Any aviation enthusiast, and particularly any aeroplane photographer, knows the name Shuttleworth for their marvellous collection and displays of vintage aircraft, at Old Warden. So when you see a telescope, labelled as manufactured by Shuttleworth, it is one not to be ignored, even when only sold for spares!
This Shuttleworth example would be a classic candidate to follow the rebuild route adopted by some old aeroplane restorers, where sometimes it might only be the nameplate screwed onto the airframe that has any link to the original item it is claimed to represent! This telescope comprises what would seem to be the original three brass draws, a mahogany barrel with the two brass ends, still screwed in place with the original screws.
The Missing Elements
Inside there is one of the two lens cartridges, but without the lenses: the other cartridge is missing, as is the eyepiece end cap. The objective lens pair are both smashed, but still held in place together: the lens holder does not unscrew because of the bent rim, caused by the impact which smashed the lenses.
To replace these five lenses and the objective carrier would seem to be a step too far, the end result would have needed to require the destruction of a decent, complete C18th telescope, and the result would be a mish-mash.
So it is to stay as a space model, a shell, but with many interesting features.
The Shuttleworth business
Henry Raynes Shuttleworth was an Optician who worked in London from 1760-1797: he had been apprenticed to John Cuff from 1746-7. Two of John Cuff’s other apprentices moved over to work for Shuttleworth, one in 1761, the other in 1769, as following bankruptcy in 1750, John Cuff’s business went downhill, ceasing completely in 1770.
From 1760 Shuttleworth was to be found at “The Sir Isaac Newton & Two Pairs of Golden Spectacles, the Old Mathematical Shop, near the West End of St Paul’s, London”. So that might explain why he did not engrave an address on his telescopes, but just put “Shuttleworth, London”. After 1774 he had an address that then sounded a little boring, in Ludgate Street, London.
From 1788, Henry Raynes’ son Henry Shuttleworth became an apprentice to his father, then taking over the business in 1797 when his father died: he continued trading as an Optician until 1811.
The design features
This telescope is a sophisticated design, following that of the two Ramsden scopes described earlier. The engraving of the name is positioned on what could be described as on the left side, ie you have to move the telescope to your left to read it, which is the old standard.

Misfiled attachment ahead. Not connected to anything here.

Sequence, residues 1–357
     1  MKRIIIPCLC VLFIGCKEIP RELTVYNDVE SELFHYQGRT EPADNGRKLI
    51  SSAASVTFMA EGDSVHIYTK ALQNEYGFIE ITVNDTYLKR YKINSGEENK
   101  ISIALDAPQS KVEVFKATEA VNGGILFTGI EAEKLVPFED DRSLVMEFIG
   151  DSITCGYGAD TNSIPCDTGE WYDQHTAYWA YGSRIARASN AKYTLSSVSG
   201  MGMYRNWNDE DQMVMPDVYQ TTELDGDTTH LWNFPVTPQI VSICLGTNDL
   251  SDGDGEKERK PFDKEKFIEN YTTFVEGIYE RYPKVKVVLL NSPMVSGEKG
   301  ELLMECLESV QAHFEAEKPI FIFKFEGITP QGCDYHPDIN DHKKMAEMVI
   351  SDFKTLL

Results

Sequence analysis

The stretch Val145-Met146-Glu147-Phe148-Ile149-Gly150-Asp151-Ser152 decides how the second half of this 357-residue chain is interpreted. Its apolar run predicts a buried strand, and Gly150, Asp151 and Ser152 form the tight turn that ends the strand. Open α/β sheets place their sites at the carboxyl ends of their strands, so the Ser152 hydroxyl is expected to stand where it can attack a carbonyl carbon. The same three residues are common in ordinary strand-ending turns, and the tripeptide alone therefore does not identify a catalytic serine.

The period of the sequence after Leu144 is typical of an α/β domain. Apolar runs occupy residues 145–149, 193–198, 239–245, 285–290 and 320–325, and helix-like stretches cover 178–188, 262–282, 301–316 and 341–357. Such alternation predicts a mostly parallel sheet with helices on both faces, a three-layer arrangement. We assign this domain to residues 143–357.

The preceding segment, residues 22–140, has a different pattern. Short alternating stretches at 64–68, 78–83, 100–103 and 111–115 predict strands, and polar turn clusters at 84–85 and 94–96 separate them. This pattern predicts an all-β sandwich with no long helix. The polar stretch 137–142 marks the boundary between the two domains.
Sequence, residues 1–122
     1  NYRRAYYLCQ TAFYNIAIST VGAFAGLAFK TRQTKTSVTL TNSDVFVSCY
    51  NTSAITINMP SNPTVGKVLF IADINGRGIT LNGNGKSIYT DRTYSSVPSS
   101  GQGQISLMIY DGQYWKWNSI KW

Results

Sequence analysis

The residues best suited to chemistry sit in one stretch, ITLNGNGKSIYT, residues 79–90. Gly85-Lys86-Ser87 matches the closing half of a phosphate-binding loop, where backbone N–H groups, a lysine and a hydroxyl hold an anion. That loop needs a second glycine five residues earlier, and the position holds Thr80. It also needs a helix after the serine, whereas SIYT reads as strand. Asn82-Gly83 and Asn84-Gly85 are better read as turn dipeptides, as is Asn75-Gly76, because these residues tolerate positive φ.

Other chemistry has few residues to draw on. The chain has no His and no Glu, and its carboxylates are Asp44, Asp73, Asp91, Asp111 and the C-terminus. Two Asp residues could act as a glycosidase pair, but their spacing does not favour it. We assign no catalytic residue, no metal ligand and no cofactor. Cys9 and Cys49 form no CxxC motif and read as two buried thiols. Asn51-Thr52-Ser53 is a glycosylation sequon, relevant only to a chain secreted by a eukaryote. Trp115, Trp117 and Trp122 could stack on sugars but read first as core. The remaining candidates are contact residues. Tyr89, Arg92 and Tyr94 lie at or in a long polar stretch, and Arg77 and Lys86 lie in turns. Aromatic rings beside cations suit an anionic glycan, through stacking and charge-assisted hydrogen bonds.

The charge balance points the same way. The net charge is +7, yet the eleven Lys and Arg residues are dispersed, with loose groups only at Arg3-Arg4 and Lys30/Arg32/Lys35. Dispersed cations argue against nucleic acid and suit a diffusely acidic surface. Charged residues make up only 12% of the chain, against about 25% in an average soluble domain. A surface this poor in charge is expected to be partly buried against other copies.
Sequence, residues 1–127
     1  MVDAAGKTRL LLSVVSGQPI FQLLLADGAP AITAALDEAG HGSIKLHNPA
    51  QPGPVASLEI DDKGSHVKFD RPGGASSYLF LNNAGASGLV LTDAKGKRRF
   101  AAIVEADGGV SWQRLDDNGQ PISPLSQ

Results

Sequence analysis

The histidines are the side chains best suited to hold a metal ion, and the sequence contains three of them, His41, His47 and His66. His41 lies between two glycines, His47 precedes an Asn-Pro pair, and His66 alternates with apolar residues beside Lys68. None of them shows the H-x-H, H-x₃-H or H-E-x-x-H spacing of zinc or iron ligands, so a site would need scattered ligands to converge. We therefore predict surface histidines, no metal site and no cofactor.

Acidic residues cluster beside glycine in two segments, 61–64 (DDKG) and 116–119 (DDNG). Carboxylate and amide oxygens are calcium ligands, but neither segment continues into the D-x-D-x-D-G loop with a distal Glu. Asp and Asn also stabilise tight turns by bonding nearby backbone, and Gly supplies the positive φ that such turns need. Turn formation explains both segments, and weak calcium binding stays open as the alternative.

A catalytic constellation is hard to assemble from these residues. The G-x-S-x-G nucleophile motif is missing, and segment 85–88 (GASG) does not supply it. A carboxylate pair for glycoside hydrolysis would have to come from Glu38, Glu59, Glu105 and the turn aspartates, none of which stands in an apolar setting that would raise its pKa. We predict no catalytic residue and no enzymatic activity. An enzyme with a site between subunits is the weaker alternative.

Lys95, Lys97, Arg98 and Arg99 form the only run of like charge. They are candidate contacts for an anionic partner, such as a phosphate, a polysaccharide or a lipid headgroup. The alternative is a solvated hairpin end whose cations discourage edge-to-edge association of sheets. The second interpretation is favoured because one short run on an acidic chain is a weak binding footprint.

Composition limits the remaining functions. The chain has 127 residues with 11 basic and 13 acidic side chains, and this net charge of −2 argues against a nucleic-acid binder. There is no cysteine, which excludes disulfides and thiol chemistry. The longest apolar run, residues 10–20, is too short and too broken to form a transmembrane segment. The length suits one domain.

Each draw has an arrow, which is taken to indicate how the tubes should be aligned to get the best performance. The air hole in the top of the third draw is to let the air compressed inside the telescope discharge easily to atmosphere.
Of most interest to me are the draw lines on the second tube, where the drawing process that formed the tube has caused a surface imperfection, from either slag impurities or from sticking of the metal to the die? Here I am guessing, maybe someone will explain?
Noticeable on the brass around the objective lens assembly is a blemish on the surface, where it appears a 4-5mm diameter hole has been filled in, asa repair.
All of the retaining shoulders for the draws are labelled XII, as are the two larger draws: but the first draw, which carries the engraving, is labelled XI…!
There are no marks or letters/words of any identifiable nature on the wooden barrel. There is the normal focus line scribed round the first draw.
The telescope, when fully extended, is 22.5″ (lacking the eyepiece), and when closed is 7″. Visible objective lens diameter is 37mm, and overall max diameter 43mm.
The telescope is of a 1780-1800 design and build standard. The directories suggest Shuttleworth were spectacle makers mainly, although they are known and quoted for producing a microscope. All these little blemishes, or inconsistencies, suggest to me that the Shuttleworth operation did not produce many telescopes, maybe only one or two at a time, or maybe even they were bought in, and then engraved with the Shuttleworth name before being sold. Some of the telescope and microscope makers had no retail premises – for example this applied to John Cuff after 1758, so Cuff might well have acted as a general sub-contract manufacturer.
Accession number 285